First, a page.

Veteran observers of the Tennessee Valley Authority could read radical change into the bland headline on the news release:
“TVA Board to Hold Hearing on Transmission Access.”
For one thing, a rule known as The Fence draws a line around the utilities that buy electricity from TVA. The Fence decrees that TVA supply all the electricity for its customers. There’s no need to talk about transmission access.
Especially in public.
The three-member board that governs TVA has behaved much like a single executive. It has not been known for showcasing dissent.
So experts raised eyebrows at the news release announcing the meeting in Hopkinsville last May. Their eyes widened further as they scanned the agenda. The first panel would hear from utilities planning to leave TVA. Soliciting controversy this way has not been TVA’s style.
But a strong fence and closely held decision-making may be relics of TVA’s past.
Two years ago, Congress tripled the number of TVA board members to nine. That came at a time when some of TVA’s 158 utilities were announcing plans to leave TVA for other power suppliers, tearing holes in The Fence.
Clearly, it’s a new day in TVA’s 73-year history.
Congress created TVA in 1933 to develop the Tennessee River basin through economic development, flood control, and by generating electricity for co-op and government-owned utilities. As a federal corporation, TVA would support itself financially through electric revenues, and the White House would appoint the directors.
Today, TVA provides electricity for 8.5 million residents in seven states. Its service territory forms an arc covering about half of Mississippi, the northern parts of Alabama and Georgia, all of Tennessee, western North Carolina and West Virginia, and southwest Kentucky. In Kentucky, TVA serves five electric co-ops and 14 city-owned utilities.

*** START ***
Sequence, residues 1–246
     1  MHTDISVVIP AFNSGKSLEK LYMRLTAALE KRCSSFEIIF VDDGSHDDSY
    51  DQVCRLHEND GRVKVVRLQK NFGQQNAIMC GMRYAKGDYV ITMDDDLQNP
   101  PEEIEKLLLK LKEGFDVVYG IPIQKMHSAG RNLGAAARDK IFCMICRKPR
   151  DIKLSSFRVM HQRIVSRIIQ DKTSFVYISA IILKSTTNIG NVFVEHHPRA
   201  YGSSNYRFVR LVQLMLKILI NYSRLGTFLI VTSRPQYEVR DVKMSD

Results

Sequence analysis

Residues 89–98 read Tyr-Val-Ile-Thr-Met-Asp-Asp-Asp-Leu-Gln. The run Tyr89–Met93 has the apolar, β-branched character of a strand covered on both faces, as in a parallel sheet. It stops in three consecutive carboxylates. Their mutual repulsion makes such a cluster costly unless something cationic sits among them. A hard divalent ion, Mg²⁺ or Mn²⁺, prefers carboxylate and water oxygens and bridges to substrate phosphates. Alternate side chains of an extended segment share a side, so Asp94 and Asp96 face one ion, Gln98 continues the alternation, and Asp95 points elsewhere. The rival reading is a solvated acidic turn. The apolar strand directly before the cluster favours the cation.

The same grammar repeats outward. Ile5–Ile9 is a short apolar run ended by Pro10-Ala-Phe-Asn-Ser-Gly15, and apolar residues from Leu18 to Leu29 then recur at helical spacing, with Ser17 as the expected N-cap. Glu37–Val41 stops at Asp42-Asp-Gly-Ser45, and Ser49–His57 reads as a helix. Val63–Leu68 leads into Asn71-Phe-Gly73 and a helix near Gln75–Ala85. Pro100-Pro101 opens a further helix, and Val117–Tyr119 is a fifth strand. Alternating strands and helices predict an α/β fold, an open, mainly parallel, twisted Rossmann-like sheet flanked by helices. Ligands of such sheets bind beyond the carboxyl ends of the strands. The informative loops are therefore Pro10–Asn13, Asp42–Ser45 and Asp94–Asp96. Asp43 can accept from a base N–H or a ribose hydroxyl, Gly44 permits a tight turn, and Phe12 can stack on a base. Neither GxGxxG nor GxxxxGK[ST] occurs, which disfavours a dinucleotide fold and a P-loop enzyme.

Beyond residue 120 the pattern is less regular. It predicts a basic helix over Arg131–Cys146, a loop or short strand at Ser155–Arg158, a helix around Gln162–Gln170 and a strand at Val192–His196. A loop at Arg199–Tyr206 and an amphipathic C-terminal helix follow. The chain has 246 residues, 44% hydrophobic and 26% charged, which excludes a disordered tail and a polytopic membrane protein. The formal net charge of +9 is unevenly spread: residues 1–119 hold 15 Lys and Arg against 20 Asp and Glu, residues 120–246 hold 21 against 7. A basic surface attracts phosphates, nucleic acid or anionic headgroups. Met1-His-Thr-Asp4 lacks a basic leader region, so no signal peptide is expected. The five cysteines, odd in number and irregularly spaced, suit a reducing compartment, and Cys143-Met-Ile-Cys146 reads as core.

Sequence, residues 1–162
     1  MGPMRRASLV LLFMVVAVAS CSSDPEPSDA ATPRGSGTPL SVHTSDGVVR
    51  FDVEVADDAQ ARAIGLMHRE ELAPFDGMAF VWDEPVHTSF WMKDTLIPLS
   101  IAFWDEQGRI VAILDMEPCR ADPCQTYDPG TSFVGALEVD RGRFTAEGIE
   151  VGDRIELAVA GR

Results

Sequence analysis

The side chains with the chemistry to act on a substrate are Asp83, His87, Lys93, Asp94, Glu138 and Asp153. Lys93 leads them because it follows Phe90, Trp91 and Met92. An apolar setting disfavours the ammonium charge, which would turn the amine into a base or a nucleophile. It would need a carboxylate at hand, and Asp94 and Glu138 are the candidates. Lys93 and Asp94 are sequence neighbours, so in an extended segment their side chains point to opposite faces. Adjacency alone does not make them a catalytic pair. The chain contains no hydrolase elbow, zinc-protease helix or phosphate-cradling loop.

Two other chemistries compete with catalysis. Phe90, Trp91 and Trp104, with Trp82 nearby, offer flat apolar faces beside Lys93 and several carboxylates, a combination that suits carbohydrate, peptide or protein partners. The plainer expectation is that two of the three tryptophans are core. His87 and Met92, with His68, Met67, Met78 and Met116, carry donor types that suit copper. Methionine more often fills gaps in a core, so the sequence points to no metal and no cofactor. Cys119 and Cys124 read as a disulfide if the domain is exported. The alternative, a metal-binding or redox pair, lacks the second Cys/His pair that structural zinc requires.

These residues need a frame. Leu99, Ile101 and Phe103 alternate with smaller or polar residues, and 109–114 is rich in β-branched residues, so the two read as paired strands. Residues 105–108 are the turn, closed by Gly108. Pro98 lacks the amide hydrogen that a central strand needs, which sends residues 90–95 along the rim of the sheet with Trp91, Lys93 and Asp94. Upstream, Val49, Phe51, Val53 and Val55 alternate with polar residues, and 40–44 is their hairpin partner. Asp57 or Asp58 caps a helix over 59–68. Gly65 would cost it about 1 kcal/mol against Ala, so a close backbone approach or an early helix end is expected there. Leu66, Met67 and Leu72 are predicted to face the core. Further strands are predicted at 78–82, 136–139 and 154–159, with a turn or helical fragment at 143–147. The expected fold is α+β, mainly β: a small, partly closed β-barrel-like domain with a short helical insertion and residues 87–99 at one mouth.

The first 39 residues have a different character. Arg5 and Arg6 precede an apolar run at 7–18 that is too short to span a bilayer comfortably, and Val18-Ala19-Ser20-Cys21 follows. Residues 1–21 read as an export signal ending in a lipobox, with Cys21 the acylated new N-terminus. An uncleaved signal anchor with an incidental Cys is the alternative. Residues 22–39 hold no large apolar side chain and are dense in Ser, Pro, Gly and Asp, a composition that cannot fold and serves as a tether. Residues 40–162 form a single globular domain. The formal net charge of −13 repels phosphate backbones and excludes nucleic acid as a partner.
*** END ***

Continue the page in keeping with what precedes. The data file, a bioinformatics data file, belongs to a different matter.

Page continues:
For decades, TVA stood as a national economic icon. But criticism appeared in the 1970s when it started supplementing its coal and hydroelectric power production with nuclear plants, a move that resulted in large electric rate increases. Some TVA customers complained openly about their inability to negotiate with the agency. They felt hemmed in by The Fence. Some gave notice they would leave TVA for cheaper power providers.
In 2004, Congress acted to organize TVA into a more traditional corporate structure. The full-time, three-member board became a part-time, nine-member board that would hire a full-time chief executive.
The meeting in Hopkinsville last May marked the first appearance of the expanded TVA board. More than 200 observers came for the beginning of this next era in TVA history.
The first witness that day was Gerald Hayes, president and CEO of Warren Rural Electric Co-op based in Bowling Green. In 2004, Warren announced it would leave TVA in 2008 and buy its wholesale electricity from East Kentucky Power, a generation and transmission co-op based in Winchester.
“TVA has been an excellent provider,” said Hayes. But, he testified, in the process of trying to lower the cost of Warren’s wholesale electricity, “I tried very hard to negotiate a partial requirements contract with the TVA staff…but it fell through.”
The next panel of the day included the president and CEO of Warren’s neighboring co-op, Pennyrile Electric Cooperative based in Hopkinsville. Eston Glover told a similar story, with a different outcome.
“We visited with most every supplier of wholesale power and evaluated all the options relative to price, reliability, cost to move from TVA, generation capacity, and transmission issues,” said Glover. “But we decided early on that TVA was the best supplier for us at this time.”